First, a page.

Where Brewing History Runs Deep

Beer history runs deep in Wisconsin, and with each new year there are more reasons to tour the state, mug in hand.

July 17, 2010 | By Kevin Revolinski, Special to Tribune Newspaper

I roll into Ashland, Wis., just around quitting time and head straight to Deep Water Grille, a block off U.S. Highway 2, a stone's throw from Lake Superior. The restaurant also is home to South Shore Brewery, and at the end of the bar, having one of his own ales before heading home, is Bo Belanger, the brewmaster.

I join him for a pint and hear about what he has brewing. He's busy, as always, and plans are under way to find a larger space to keep up with the demand. His Nut Brown Ale alone could keep him in business, he says. As his beer goes farther afield via distributors, his ingredients, ironically, are becoming more local.

"All of the base malt used in South Shore's beers is grown right here in the Chequamegon Bay/Bayfield Peninsula area," he says, sipping a cold one. "Essentially we're paying the farmer to grow his own feed. I just borrow it for a moment for the sugars." The leftovers go back to the farmers as livestock feed.

I'm lucky to catch Belanger, but like many brewers, he often will take a few minutes to chat with his clientele about the nitty-gritty of brewing beer or maybe about the game that's on at the bar. A visit to a brewery — what I like to call a pils-grimage — can be an enlightening experience, especially in the case of a small-town affair. And though a pils-grimage can be made in any season, summer just seems the most appropriate. So pack your growler — a refillable half-gallon glass jug, available at most brewpubs — a cooler and maybe a tent and sleeping bag: It's road-trip time, and the destination is Wisconsin beer. Just be sure you don't combine your beer with the road. Either stay over or designate a driver.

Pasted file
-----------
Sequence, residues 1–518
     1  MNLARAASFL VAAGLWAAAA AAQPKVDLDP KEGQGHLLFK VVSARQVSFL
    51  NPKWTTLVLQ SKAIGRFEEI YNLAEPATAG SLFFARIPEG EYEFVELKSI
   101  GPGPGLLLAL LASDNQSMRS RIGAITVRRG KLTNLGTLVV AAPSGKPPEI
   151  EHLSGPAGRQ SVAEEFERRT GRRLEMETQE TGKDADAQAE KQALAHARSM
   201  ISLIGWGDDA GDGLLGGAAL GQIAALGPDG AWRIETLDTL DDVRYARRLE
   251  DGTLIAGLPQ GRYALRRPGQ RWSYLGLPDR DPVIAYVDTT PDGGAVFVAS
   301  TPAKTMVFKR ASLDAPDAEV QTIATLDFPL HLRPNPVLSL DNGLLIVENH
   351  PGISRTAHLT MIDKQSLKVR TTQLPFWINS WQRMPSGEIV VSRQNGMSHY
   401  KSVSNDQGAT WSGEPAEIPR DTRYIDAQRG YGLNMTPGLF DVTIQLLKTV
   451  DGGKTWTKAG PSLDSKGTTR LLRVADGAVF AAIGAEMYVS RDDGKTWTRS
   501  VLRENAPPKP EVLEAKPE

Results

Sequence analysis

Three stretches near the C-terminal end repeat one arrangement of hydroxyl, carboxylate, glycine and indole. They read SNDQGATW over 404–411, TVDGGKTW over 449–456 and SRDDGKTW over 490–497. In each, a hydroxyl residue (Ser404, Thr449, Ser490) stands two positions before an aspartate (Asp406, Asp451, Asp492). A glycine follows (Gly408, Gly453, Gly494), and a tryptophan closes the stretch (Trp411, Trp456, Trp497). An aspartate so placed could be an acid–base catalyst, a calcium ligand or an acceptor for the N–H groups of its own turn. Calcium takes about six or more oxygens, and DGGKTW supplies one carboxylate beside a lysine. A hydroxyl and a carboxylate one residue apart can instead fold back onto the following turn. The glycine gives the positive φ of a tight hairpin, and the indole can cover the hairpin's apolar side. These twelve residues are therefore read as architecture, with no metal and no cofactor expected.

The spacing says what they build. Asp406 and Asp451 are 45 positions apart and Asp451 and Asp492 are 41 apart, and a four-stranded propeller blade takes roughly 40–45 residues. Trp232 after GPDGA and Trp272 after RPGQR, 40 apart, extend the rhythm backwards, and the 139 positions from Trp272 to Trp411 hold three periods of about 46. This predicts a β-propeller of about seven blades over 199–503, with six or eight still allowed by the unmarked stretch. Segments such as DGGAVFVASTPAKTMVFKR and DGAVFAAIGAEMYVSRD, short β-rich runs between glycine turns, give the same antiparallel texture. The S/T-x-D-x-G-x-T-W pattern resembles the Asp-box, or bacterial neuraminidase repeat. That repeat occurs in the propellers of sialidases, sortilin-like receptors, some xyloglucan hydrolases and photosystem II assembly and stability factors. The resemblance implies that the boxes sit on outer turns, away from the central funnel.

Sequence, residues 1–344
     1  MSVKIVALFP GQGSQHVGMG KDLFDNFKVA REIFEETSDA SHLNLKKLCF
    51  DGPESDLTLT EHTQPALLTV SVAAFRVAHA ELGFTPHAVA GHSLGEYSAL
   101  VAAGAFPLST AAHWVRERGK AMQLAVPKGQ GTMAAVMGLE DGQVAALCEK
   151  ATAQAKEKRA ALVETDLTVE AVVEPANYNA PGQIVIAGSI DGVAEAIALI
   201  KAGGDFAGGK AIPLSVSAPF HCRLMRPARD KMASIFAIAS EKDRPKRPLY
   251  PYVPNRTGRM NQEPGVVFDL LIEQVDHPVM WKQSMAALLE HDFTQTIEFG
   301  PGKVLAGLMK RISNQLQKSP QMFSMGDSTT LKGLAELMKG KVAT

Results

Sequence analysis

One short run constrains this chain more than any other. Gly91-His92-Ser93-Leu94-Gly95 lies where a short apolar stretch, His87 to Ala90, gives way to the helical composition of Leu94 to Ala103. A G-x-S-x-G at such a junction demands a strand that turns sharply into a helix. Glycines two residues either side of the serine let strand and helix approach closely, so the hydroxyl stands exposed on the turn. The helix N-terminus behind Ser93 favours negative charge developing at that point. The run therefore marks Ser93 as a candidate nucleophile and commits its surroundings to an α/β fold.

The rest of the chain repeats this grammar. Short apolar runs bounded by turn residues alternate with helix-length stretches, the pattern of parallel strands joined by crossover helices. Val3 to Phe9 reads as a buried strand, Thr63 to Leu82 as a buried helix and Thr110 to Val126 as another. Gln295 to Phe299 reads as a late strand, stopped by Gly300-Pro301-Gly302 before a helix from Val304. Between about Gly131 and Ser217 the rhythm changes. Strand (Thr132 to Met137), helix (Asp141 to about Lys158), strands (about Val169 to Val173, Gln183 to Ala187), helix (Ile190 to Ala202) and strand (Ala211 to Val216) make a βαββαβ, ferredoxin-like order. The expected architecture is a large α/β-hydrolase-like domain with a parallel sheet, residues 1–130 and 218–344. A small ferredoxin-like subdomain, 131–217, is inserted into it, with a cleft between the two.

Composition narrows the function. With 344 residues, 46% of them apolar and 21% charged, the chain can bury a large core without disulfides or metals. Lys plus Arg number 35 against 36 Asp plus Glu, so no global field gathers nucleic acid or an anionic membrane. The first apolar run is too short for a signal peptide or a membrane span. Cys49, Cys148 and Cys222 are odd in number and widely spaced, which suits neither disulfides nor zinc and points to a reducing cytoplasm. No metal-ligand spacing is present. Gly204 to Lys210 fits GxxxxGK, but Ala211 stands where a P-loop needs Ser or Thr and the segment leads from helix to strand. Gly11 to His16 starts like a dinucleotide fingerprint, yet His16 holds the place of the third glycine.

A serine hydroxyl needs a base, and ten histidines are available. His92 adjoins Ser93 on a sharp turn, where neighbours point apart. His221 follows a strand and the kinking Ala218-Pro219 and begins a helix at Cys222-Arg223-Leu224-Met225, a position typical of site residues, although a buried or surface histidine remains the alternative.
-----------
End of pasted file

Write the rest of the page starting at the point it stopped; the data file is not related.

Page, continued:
New South Shore Brewery Tasting Room Opens in Washburn

By Hope McLeod |  Jan 28, 2016 | Bayfield County Journal

Bo Bélanger, owner and original brew master of South Shore Brewery, finally answered a question that’s been on a lot of people’s minds, “What the heck is going on at the old bowling alley on Bayfield Street in Washburn?”
January 22 marked the opening of Tap House, a satellite tasting room, production facility and retail outlet for South Shore Brewery. The tasting room was open on Friday. Ultimately the plan is to brew, bottle and keg over 22 varieties of beer South Shore currently produces in Ashland, also invent some new ones.
South Shore celebrated its twentieth anniversary in 2015 as the seventh licensed microbrewery in the state, a number that’s increased to 125.

“We opened in 1995, but I bought the business in 2004 and since then we’ve been striving, of course, to meet demand,” said Bélanger a few days before opening. He expanded to Washburn specifically for efficiency purposes, to be more competitive in the retail world. “Our bottled and keg product is now sold in 60 counties in three states. So we’ve got to be a little more efficient in how we produce our retail products, and there’s just not enough room to do that in Ashland,” said Bélanger who admitted they’ve been working in a closet, that closet being the basement of the Deep Water Grille & South Shore Brewery.

On and off for two years, Bélanger and friends have been transforming the new facility, formerly a bowling alley and a restaurant/bar. The front door opens into a long bar with various beers du jour on tap. A half-dozen spool-tables and tall chairs fill the entryway. Eight varieties of beer were served on Friday, including South Shore’s bestseller, Nut Brown Ale, also Coffee Mint Stout, an unusual dark beer with obvious coffee overtones and hints of mint, also Saison, a full-bodied Belgian beer with a tinge of clove. Though it doesn’t bode well in terms of marketing, Bélanger said, “It’s known as horsehair or wet wool blanket.”

Perhaps referring to effect rather than flavor, after putting on the Saison blanket with its 8.5 percent alcohol content, innards definitely warm to capacity. Galloping away from the bar and bearing left sits a game room, beyond that the new brew-house encased behind glass so customers can observe the brew-process. This process engages a collection of large tanks: a mash tun, where grains are steeped with hot water to produce barley sugar; a brew kettle that boils the sugar-water down; and lastly two fermentation tanks that take the sweet barley extract and turn it into beer. All of this requires a ton of hot water produced in a giant water tank.
Bélanger said Tap House is all about telling the story of this unique microbrewery.